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Let $E$ be a separable Banach space, with Borel $\sigma$-algebra $\mathcal B_E$. Let $X=(X_t)$ be an $E$ valued stochastic process on some filtered probability space $(\Omega,\mathcal F,(\mathcal F_t), \mathbb P)$. Finally assume that $X$ has stationary independent increments, and is right continuous. Now I would like to show that $X$ is necessarily a Markov process with initial distribution $\mu_0(A)=\mathbb P(X_0\in A)$. I know that this is definitely not the first time this has been asked on this site as this, this, and this attest to. However, none of these answer the doubt I have.

I am working with Markov processes defined in terms of transition functions, so in order to show that $X$ is a Markov process I first need to find a suitable transition function. By tansition function I mean a semigroup of transition kernels $(P_t)$ .

My best guess (backed up by Googling) is that for each $t$ we can define $P_t:E\times \mathcal B_E\to [0,1]$ by $P_t(x,A)=\mathbb P(X_t+x\in A)=\mu_t(A-x)$, where $\mu_t$ is the law of $X_t$. Now quite clearly each $P_t(x,\cdot)$ is a probability measure because translations are homeomorphisms, but I am struggling to show that each $P_t(\cdot,A):E\to [0,1]$ is $\mathcal B_E/\mathcal B_{[0,1]}$ measurable, which is needed for each $P_t$ to be a transition kernel. For any $t\in \mathbb R^+$, $A\in \mathcal B_E$ and $(a,b)\subset [0,1]$ we have that $P_t(\cdot,A)^{-1}(a,b)=\{x\in E:\mathbb P(\mathbb X_t+x\in A)\in (a,b)\}$. If we knew that $\mu_t$ was translation invariant (impossible in an infinite dimensional space) then it would be trivial to show that this set is measurable, but alas life is not so easy. I'm guessing that there is some simple continuity kind of argument around translations and distributions that I'm missing, but as I'm missing it its simplicity to me is not helpful at the moment. I've been mulling over this for a few days with no success, so would appreciate any help in proving the measurability of $P_t(\cdot,A)$.

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Lemma Let $\nu$ be a probability measure on $\mathcal{B}(E)$. Then $$x \mapsto \int_E 1_C(x,y) \, \nu(dy) \tag{1}$$ is $\mathcal{B}(E)/\mathcal{B}(\mathbb{R})$-measurable for any $C \in \mathcal{B}(E) \otimes \mathcal{B}(E)$.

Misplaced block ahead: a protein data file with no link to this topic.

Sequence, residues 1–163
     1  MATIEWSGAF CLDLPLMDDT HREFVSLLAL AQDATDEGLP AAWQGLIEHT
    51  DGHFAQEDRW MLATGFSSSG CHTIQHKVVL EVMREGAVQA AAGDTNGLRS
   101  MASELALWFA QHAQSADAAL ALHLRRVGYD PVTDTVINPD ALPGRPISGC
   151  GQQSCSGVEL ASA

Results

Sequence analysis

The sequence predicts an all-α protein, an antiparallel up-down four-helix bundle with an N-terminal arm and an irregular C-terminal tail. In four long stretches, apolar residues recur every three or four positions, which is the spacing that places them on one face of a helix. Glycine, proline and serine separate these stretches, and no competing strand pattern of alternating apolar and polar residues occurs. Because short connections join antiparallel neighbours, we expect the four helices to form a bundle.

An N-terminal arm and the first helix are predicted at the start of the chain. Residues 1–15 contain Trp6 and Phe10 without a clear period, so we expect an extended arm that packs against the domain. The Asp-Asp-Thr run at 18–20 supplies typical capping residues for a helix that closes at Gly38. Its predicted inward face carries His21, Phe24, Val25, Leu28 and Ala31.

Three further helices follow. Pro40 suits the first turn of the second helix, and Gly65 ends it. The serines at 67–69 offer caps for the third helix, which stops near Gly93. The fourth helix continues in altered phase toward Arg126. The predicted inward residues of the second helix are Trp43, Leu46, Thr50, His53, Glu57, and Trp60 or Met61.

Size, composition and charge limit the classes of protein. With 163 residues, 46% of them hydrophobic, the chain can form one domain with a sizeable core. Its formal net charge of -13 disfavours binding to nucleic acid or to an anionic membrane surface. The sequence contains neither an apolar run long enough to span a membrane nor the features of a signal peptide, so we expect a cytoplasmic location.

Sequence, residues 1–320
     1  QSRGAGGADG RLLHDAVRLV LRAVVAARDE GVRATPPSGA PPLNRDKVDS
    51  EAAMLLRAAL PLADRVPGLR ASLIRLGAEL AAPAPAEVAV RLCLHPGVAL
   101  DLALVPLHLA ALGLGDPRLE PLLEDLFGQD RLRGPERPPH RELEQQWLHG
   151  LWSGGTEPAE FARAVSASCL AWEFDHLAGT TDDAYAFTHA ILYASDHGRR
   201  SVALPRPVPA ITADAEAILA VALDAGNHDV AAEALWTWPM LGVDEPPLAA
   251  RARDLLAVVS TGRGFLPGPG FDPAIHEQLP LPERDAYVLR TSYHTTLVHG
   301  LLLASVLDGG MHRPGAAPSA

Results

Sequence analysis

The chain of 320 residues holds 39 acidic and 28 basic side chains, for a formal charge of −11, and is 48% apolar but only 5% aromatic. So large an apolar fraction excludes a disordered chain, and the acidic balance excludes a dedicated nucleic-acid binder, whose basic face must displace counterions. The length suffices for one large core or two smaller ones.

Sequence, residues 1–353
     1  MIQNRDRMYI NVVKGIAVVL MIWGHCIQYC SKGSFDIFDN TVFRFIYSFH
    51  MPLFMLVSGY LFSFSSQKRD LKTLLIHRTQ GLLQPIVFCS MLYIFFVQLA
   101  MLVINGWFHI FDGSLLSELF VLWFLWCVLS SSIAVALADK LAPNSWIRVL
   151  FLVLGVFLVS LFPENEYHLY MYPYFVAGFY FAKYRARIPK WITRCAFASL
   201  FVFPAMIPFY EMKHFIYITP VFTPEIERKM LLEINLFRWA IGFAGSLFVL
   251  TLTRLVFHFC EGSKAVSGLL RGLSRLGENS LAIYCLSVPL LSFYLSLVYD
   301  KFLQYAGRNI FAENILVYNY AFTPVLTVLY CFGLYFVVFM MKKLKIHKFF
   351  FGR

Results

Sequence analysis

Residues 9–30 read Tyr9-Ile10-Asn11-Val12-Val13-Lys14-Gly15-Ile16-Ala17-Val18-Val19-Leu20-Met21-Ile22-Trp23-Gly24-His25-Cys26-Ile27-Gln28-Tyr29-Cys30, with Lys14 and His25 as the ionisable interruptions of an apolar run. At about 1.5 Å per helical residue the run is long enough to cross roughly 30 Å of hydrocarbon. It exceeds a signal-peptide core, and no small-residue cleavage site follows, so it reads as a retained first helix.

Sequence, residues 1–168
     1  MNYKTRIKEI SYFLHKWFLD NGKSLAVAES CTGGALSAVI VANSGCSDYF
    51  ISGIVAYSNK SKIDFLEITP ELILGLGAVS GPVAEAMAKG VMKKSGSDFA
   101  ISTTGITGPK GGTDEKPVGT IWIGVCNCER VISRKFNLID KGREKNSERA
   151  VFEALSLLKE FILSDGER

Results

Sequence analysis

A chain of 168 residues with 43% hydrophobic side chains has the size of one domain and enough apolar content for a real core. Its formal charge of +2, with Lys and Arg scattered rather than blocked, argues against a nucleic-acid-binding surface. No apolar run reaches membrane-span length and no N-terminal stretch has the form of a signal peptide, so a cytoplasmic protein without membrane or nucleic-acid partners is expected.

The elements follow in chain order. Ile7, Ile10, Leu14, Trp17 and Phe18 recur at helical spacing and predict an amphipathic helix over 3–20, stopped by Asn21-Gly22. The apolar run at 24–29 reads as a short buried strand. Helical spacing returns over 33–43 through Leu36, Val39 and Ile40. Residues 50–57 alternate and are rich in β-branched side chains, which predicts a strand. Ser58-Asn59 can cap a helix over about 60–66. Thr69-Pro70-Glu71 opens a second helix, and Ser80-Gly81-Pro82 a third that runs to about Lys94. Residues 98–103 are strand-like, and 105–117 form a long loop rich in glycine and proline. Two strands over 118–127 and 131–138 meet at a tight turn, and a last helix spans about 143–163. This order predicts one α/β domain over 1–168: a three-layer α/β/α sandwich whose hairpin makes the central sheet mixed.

Proof: The statement is clearly true for any set $C$ of the form $C=A \times B$ where $A,B \in \mathcal{B}(E)$. If we set

$$\mathcal{D} := \{C \in \mathcal{B}(E) \otimes \mathcal{B}(E); \text{(1) is Borel measurable}\}$$

this means that $\mathcal{B}(E) \times \mathcal{B}(E) \subseteq \mathcal{D}$. If we can show that $\mathcal{D}$ is a Dynkin system, it follows that $\mathcal{D} = \mathcal{B}(E) \otimes \mathcal{B}(E)$.

  • $E \times E \in \mathcal{D}$: That's obvious.
  • stable under complement: Let $C \in \mathcal{D}$. Since $1_{C^c} = 1_{E \times E}-1_C$ we find that $$x \mapsto \int_E 1_{C^c}(x,y) \, \nu(dy) = \int_{E} \nu(dy) - \int 1_C(x,y) \, \nu(dy)$$ is $\mathcal{B}(E)/\mathcal{B}(\mathbb{R})$-measurable, and so $C^c \in \mathcal{D}$.
  • stable under disjoint unions: Let $(C_n)_{n \in \mathbb{N}} \subseteq \mathcal{D}$ be pairwise disjoint. Using the monotone convergence theorem we find for $C:= \bigcup_{n \in \mathbb{N}} C_n$ that $$\int 1_C(x,y) \, \nu(dy) = \sum_{n \geq 1} \int 1_{C_n}(x,y) \, \nu(dy) =\lim_{N \to \infty} \sum_{n =1}^N \int 1_{C_n}(x,y) \, \nu(dy)$$ is Borel measurable (with respect to $x$), and so $C \in \mathcal{D}$.

Applying the above result for the distribution $\nu := \mathbb{P}(X_t \in \cdot)$ we find that

$$x \mapsto \int 1_C(x,y) \, \nu(dy) = \mathbb{E}(1_C(x,X_t))$$

is measurable for any $C \in \mathcal{B}(E) \otimes \mathcal{B}(E)$. Choosing

$$C := \{(x,y) \in E \times E; x+y \in A\}$$

for some given set $A \in \mathcal{B}(E)$, this proves the assertion.

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  • $\begingroup$ This is exactly the missing thing I needed. Thank you $\endgroup$ – K.Power May 9 '18 at 13:02
  • $\begingroup$ @K.Power You are welcome. $\endgroup$ – saz May 9 '18 at 16:59

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